For the vast majority of Irish travellers a holiday in Thailand will be a time of great pleasure and, later, fond memories of the people, their customs and the countryside. Just remember that illness can occur so follow some good common sense rules and so you can enjoy yourself
and Travel in Health.

Thailand

Travel News Headlines WORLD NEWS

Date: Mon, 13 Jan 2020 16:12:29 +0100 (MET)
By Nina LARSON

Geneva, Jan 13, 2020 (AFP) - A new virus from the same family as the deadly SARS disease has spread beyond China's borders for the first time with a case emerging in Thailand, UN and Thai officials said on Monday.   Thai doctors diagnosed a Chinese traveller with mild pneumonia on January 8 later confirmed to have been caused by the so-called novel coronavirus -- which has already given rise to 41 pneumonia-like cases and one death in China.   The outbreak has caused alarm because of the link with SARS (Sudden Acute Respiratory Syndrome), which killed 349 people in mainland China and another 299 in Hong Kong in 2002-2003.

The UN health agency (WHO) confirmed that the outbreak in the city of Wuhan was caused by a previously unknown type of corona virus, a broad family ranging from the common cold to more serious illnesses like SARS.   "Laboratory testing subsequently confirmed that the novel coronavirus was the cause," WHO spokesman Tarik Jasarevic told AFP in an email, referring to the case in Thailand.   WHO said it might soon host an emergency meeting on the spread of the new virus.   Thai Health Minister Anutin Charnvirakul stressed to reporters in Bangkok Monday that a 61-year-old Chinese woman who had travelled from Wuhan "was infected with the virus from outside Thailand".   Thai health officials said on Monday she was recovering.   Authorities in Wuhan said a seafood market in the city was the centre of the outbreak. It was closed on January 1.   There is so far no indication of human-to-human transmission of the virus.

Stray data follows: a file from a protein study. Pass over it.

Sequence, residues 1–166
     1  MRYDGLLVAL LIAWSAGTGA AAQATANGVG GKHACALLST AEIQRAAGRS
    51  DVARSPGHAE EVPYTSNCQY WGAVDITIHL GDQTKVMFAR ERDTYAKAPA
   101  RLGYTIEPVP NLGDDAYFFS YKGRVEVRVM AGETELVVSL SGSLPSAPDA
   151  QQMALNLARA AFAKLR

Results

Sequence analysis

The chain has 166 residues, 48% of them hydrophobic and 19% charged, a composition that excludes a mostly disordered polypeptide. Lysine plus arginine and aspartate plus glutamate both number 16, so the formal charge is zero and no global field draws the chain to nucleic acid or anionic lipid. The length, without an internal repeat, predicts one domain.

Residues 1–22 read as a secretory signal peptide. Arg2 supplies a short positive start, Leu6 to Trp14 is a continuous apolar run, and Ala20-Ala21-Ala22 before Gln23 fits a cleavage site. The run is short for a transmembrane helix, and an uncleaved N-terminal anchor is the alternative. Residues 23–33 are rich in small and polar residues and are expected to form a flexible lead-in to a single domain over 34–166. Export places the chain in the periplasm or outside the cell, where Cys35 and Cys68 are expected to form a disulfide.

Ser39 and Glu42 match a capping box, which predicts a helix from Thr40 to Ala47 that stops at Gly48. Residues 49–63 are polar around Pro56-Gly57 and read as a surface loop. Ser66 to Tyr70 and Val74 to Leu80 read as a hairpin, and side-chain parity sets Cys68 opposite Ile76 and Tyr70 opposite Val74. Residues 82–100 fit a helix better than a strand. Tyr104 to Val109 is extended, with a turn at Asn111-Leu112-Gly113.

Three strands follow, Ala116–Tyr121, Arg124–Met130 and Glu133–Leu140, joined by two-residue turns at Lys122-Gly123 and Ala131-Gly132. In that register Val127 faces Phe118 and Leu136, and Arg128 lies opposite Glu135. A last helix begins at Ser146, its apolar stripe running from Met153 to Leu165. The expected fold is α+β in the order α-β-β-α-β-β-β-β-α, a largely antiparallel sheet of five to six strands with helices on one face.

- 'Not unexpected' -
Scientists in Hong Kong's Department of Health said on Saturday that genetic sequencing of the virus from a Wuhan patient, published online by a Chinese expert, indicated it was 80 percent similar to SARS found in bats.   WHO said on Monday it was not surprising that the virus had spread beyond China.   "The possibility of cases being identified in other countries was not unexpected, and reinforces why WHO calls for ongoing active monitoring and preparedness in other countries," it said in a statement.   Thai authorities have been on high alert, with airport officials checking all passengers coming from Wuhan to the kingdom's major airports.   An official from the Public Health Emergency Operation Center told AFP the infected woman travelling from Wuhan had been intercepted on arrival in Thailand, after airport officials determined she had a fever.